We have an on-site correspondent with the Rampage now, but he’s having issues logging in. When he’s able to log-in, these home recaps will switch over to being published by Tony, not me.
— by Tony Uminski
(San Antonio) – The only good thing about the Rampage’s eight-game losing streak is its now past tense.
The Rampage power play found its legs, scoring all three San Antonio goals as they stunned the high-flying Chicago Wolves, 3-2 in front of 3,913 at the AT&T Center Sunday afternoon.
Mackenzie MacEachern, Trevor Smith and Klim Kostin found the back of the net, while Jordan Binnington stopped the high scoring Wolves with 25 saves.
“It came down to compete (level) and we started playing desperate,” said Binnington, who played for the Wolves for three seasons. “Hopefully we keep going in the right direction.”
At first, things looked like the same-ole-same-ole for the Rampage, when Chicago’s Reid Duke was sent off for a double slashing call. But the Rampage power play, dead last coming into the contest with three for 35 (and two of those came in one game last week), couldn’t muster any cohesion, going 3:50 without a shot.
After a scoreless first period, the Rampage have only four goals in 10 first periods all season, the power play clicked when MacEachern scored from a scramble in front. The former third-rounder snagged the loose puck with his back to the goal, whirled around while floating to his left, and beat Wolves goalie Max Legace at 6:34. Joey LaLeggia and Robbie Fabbri assisted.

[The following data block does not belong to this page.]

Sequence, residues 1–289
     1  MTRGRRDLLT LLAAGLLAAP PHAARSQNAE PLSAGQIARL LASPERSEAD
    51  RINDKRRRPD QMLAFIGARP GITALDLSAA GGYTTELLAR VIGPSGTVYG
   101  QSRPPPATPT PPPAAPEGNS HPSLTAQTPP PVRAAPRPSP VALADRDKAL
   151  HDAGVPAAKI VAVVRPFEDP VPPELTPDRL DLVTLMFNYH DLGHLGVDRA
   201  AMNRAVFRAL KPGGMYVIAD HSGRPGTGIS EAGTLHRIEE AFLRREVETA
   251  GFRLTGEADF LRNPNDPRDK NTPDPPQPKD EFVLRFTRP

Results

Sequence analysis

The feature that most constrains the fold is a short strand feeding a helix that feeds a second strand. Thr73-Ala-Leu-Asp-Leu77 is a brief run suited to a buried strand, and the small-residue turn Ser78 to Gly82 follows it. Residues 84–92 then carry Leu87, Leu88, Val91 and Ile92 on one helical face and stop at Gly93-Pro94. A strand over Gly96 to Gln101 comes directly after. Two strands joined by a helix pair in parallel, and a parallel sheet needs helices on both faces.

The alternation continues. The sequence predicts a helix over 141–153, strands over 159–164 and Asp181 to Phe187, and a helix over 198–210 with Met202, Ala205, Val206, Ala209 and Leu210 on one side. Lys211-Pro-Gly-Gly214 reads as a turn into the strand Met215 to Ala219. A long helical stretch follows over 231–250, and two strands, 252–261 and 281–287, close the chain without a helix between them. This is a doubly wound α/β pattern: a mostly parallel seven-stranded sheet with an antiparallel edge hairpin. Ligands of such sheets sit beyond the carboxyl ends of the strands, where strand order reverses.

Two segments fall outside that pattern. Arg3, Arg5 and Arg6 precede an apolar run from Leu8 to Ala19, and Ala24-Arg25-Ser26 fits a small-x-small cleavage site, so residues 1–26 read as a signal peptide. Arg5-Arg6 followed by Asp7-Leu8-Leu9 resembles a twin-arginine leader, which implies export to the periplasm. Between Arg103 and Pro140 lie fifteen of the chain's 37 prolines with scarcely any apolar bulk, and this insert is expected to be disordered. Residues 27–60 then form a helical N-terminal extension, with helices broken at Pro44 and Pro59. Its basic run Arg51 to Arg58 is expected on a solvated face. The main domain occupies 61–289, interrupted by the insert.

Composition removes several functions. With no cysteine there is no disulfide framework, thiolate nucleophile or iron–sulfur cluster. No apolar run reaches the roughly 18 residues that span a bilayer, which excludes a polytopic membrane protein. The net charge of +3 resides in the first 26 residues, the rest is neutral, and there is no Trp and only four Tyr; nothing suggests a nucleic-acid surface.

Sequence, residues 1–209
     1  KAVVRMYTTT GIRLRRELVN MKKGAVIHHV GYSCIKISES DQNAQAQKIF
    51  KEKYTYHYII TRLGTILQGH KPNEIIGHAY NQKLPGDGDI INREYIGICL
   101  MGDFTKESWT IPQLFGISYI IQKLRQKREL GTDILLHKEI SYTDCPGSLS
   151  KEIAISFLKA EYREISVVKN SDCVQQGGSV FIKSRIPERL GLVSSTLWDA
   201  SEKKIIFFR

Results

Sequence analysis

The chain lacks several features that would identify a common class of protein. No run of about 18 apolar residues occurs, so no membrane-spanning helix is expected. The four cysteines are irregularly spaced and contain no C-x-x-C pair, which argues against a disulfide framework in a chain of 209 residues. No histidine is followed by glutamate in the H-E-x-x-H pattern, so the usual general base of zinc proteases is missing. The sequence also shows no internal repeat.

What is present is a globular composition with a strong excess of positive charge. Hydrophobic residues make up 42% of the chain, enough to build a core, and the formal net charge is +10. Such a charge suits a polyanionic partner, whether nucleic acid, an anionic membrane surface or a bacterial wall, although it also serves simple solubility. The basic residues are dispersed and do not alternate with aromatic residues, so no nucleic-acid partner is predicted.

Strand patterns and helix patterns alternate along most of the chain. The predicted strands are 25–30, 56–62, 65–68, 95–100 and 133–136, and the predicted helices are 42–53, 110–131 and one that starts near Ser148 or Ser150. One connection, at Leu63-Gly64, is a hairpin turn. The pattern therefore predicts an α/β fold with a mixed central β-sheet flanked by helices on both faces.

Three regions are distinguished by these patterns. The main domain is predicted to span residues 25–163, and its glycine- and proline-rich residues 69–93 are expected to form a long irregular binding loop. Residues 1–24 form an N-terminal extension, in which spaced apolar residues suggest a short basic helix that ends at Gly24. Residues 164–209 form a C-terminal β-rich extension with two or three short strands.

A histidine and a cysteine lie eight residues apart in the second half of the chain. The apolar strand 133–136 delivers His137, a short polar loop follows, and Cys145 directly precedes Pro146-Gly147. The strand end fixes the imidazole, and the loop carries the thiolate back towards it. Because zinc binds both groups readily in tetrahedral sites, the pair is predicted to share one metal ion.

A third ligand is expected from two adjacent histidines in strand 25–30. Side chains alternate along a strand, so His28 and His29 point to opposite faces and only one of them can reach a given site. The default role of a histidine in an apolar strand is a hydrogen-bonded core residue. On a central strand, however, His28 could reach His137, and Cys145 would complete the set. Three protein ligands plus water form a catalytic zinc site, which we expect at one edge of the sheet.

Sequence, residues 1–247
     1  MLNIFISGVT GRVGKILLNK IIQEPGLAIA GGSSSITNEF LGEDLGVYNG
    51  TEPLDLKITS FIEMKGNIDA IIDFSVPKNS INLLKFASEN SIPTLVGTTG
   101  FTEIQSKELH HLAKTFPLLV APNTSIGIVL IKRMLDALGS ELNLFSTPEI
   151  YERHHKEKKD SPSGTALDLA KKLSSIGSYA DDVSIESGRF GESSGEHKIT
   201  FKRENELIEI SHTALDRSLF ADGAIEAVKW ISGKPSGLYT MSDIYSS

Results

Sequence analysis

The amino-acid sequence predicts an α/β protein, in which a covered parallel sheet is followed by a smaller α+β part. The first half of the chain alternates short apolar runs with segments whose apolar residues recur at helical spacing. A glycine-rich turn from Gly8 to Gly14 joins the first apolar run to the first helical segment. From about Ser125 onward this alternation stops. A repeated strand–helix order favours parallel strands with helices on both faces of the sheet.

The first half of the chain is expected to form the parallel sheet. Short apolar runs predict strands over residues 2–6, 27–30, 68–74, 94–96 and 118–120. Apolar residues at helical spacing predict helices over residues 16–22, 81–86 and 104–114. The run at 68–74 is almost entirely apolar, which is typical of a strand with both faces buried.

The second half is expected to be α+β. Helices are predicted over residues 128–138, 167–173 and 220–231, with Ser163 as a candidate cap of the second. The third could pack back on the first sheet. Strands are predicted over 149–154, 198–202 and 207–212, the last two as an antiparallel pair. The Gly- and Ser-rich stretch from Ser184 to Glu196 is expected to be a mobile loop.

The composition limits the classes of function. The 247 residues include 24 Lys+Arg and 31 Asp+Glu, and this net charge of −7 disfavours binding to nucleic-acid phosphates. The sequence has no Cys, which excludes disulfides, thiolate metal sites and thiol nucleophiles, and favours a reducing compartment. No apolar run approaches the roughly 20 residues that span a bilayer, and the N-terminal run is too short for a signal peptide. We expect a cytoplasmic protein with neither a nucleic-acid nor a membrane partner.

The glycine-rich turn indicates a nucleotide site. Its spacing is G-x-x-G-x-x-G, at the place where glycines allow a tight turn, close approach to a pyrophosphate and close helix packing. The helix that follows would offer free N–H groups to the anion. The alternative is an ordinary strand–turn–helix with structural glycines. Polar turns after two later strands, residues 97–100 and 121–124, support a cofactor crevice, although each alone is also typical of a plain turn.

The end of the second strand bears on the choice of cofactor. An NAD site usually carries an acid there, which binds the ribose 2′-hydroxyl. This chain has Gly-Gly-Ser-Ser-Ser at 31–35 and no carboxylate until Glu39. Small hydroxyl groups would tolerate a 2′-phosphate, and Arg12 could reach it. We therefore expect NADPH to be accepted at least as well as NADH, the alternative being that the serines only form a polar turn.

The Rampage upped their lead to 2-0 when Smith scored from the slot during a major penalty on Chicago madman Alex Gallant, who doubled his PIM account with 17 minutes, including a game misconduct on a bevy of sucker punches on Carl Gunnarsson.
Smith was stationed between the circles when Brian Flynn zipped him a pass from the left goal line extended, and Smith ripped a wrister past Legace at 11:03. Chris Butler also assisted.
“We drew penalties, which we haven’t done a great job of that this year. I just wanted to see if I could free someone. Got it to Flynner, who’s a very good passer (five assists), sure enough he finds Tervor in the slot.”
Chicago (LVK) coach Rocky Thompson pulled off an unusual ploy to try and get his club going, pulling Legace while on a power-play early in the third period and it worked! Chris McKenzie, an old Rampage foe when skating for the Texas Stars, tipped in a shot from the point to halve the Rampage edge.
But less than four minutes later, Kostin stationed himself in front and re-directed a shot from the left circle down low from Mitch Reinke as the puck went between Kostin’s legs, hit the shaft of his stick and rolled through Legace’s pads and slowly crossed the goal line at 10:02 for the third Rampage goal with the extra skater.
“I made about a 10-foot pass which anyone in the room can do,” said the Rampage captain with a smile on the Kostin tip.
“It was good for our power play to click, we’ve had some chances the last couple of games, haven’t been able to capitalize. It probably cost us a few games. We done a better job when we get in the zone, everybody is getting into their spots. We’re kinda learning where everyone is gonna be so we can make quicker plays.”